What's on at Cameo Picturehouse - Encore screening
Take a seat at the strangest dinner party of your life. The servants have absconded; the ragout is all over the floor; there’s a bear in the garden; your fellow guests are rapidly descending into savagery; and most mysteriously of all, no one seems able to leave. British composer Thomas Adès (The Tempest) conducts the American premiere of his latest opera. Co-commissioned by the Met and sung in English, this black comedy, with shades of JG Ballard/Ben Wheatley’s High-Rise, is based on the screenplay of Luis Buñuel’s 1962 surrealist film. The cast is filled with established British names including Sally Matthews, Sophie Bevan, Alice Coote, Christine Rice, Ieystn Davies and John Tomlinson. “Inventive and audacious… a major event” (New York Times).
Puccini’s thrilling Tosca is a story of love, terror, the abuse of power, and the unquenchable longing for freedom. When an escaped political prisoner takes refuge in a church, an opera singer and a painter are drawn into a twisting plot that puts them at the mercy of the secret police and its network of torturers and spies. Rivalling the splendour of Franco Zeffirelli’s Napoleonic-era sets and costumes, Sir David McVicar’s ravishing new production offers a splendid backdrop for extraordinary singing. Kristine Opolais stars as the titular prima donna, alongside Vittorio Grigolo as her artist lover and Bryn Terfel as the villainous police chief – one of his signature roles. Andris Nelsons conducts.
The poor country boy Nemorino is in love with Adina, a confident landowner, but she is way out of his league – financially and otherwise. But when he buys a “love potion” from a travelling quack, the results are rather more than he bargained for. Charmingly staged by Bartlett Sher, Donizetti’s beloved masterpiece combines deft comic timing with touching emotional depth. The production stars Matthew Polenzani, who enthralled Met audiences as Nemorino in 2013 with his moving “Una furtiva lagrima.” Rising South African soprano Pretty Yende is the spirited Adina, Davide Luciano makes his Met debut as the arrogant soldier Belcore, and Ildebrando D’Arcangelo is the potion-peddling Doctor Dulcamara. Domingo Hindoyan conducts.
The world’s most popular opera returns with an exciting young cast in Franco Zeffirelli’s legendary production. Poverty-stricken poet Rodolfo and his artist friends eke out a precarious existence in bohemian Paris, alternately practising their art, laughing, quarrelling, dodging the landlord, and living it up in their local cafe. When Rodolfo meets the delicate Mimì, the pair instantly fall in love. But Mimì is ill, Rodolfo is jealous, and their romance is doomed from the start. Opera superstars Sonya Yoncheva and Michael Fabiano play the heart-breaking couple, singing two sublime Puccini favourites – “Sì, mi chiamano Mimì” and “Che gelida manina.” Zeffirelli’s stupendous onstage recreations of 19th-century Paris are sure to take your breath away.
Against the backdrop of the Hanging Gardens, Semiramide, Queen of Babylon, defies bad omens and supernatural threats in her quest to find a worthy successor to her late husband. But she harbours more than one dark secret, and whoever gains the throne may find that he has lost more than he has won. Based on a story by Voltaire, this rarely performed tragic opera reveals The Barber of Seville composer Giaochino Rossini in a whole new light. The title role – composed for Rossini’s wife, Isabella Colbran – features some of the most demanding vocal music he ever wrote. Angela Meade takes on the challenging vocal fireworks in this revival of a production last seen at the Met 25 years ago.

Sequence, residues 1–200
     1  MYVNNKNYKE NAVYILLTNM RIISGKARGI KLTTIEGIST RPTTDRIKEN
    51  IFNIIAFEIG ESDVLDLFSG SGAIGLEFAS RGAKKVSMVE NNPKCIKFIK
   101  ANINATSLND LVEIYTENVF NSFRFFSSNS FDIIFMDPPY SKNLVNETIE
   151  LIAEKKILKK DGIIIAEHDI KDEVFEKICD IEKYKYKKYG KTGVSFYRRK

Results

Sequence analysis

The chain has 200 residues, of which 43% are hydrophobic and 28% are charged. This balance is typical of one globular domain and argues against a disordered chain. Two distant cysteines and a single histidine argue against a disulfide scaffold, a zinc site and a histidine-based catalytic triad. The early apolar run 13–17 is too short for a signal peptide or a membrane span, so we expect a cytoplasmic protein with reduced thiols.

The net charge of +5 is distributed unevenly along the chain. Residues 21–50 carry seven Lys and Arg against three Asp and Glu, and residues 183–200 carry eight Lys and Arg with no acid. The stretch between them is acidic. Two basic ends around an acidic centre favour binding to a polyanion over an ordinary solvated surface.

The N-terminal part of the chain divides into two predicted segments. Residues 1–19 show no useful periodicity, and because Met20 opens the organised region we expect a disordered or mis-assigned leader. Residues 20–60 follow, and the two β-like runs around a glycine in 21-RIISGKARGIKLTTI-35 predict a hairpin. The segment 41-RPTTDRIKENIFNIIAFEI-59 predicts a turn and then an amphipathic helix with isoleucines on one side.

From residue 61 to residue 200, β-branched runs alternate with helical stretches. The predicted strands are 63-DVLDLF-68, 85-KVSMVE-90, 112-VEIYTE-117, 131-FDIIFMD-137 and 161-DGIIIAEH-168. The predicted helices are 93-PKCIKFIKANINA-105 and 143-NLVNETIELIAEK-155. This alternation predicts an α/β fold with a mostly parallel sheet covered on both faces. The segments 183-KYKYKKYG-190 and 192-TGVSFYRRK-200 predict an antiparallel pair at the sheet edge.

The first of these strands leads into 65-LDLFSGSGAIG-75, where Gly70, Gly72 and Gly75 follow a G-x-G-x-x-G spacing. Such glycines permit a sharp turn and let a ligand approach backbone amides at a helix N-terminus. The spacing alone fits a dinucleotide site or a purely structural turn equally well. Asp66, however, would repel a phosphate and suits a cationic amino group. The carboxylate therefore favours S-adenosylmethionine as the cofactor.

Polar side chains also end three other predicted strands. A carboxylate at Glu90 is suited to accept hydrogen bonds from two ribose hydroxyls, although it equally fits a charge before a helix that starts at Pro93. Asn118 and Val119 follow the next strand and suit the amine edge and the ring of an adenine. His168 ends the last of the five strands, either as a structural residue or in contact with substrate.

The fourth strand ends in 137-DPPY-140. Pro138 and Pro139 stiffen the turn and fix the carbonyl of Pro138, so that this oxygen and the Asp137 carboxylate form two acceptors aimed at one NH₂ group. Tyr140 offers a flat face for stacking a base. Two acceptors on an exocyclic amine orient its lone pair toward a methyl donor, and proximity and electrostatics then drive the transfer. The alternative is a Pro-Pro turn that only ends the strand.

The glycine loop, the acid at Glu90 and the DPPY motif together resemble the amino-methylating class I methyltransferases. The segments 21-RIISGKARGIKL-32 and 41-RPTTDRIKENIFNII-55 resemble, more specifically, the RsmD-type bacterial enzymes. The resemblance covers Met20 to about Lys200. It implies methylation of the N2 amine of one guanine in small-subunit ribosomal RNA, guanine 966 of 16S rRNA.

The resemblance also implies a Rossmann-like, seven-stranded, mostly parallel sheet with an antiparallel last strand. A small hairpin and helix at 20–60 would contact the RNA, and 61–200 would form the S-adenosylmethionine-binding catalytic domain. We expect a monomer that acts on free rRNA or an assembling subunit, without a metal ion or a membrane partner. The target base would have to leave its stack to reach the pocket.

Goaded by their cynical friend Don Alfonso, soldiers Ferrando and Guglielmo decide to test their fiancées’ fidelity. Pretending to leave with their regiment, they return in disguise and pay court to each other’s lover. Will the young women succumb to the charms of these two handsome ‘foreigners’? A co-production with English National Opera, this clever vision of the battle of the sexes is set in a carnivalesque environment inspired by 1950s Coney Island. The cast features Amanda Majeski and Serena Malfi as the sisters put to the test, with Broadway star Kelli O’Hara as their feisty maid, Ben Bliss and Adam Plachetka as their fiancés, and Christopher Maltman as Don Alfonso. David Robertson conducts Mozart’s delightful score.
James Levine and Plácido Domingo add yet another chapter to their legendary Met collaboration with this rarely performed Verdi gem, a heart-wrenching tragedy based on Friedrich Schiller’s novel Intrigue and Love. The young maiden Luisa loves Rodolfo, unaware that he is actually the son of the local lord. An unscrupulous rival for her affections tells her father of Rodolfo’s true identity, turning the old man against him. Jealousy, suspicion, and betrayal tear the lovers apart, but Luisa remains loyal to her father to the last. In the first Met performances of the opera in more than ten years, Sonya Yoncheva sings the title role opposite Piotr Beczała as Rodolfo, with Domingo as Luisa’s stern-yet-loving father.
A fairy godmother, a glass slipper, an opulent ball, an enchanted forest, and a Prince Charming who loves her – did all that really happen, or was it just a dream? Long-suffering Cendrillon lives a life of drudgery with her good-natured father and his imperious wife, until fate, romance, and a touch of fairy magic intervene. For the first time ever, Massenet’s sumptuous version of the Cinderella story comes to the Met in this imaginative storybook production directed by Laurent Pelly. Superstar Joyce DiDonato sings the title role, alongside British mezzo-soprano Alice Coote in the trouser role of Prince Charming, Kathleen Kim as the Fairy Godmother, and Stephanie Blythe as the archetypal wicked stepmother.